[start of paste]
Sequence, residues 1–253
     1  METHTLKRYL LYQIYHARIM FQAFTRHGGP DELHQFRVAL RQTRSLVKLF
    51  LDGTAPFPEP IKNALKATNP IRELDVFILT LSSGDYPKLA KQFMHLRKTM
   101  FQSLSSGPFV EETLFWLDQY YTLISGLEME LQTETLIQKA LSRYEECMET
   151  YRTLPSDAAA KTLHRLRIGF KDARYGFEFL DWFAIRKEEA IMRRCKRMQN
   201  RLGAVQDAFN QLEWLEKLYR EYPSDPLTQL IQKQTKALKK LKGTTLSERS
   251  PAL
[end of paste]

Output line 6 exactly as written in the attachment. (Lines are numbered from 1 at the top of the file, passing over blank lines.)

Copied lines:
   201  RLGAVQDAFN QLEWLEKLYR EYPSDPLTQL IQKQTKALKK LKGTTLSERS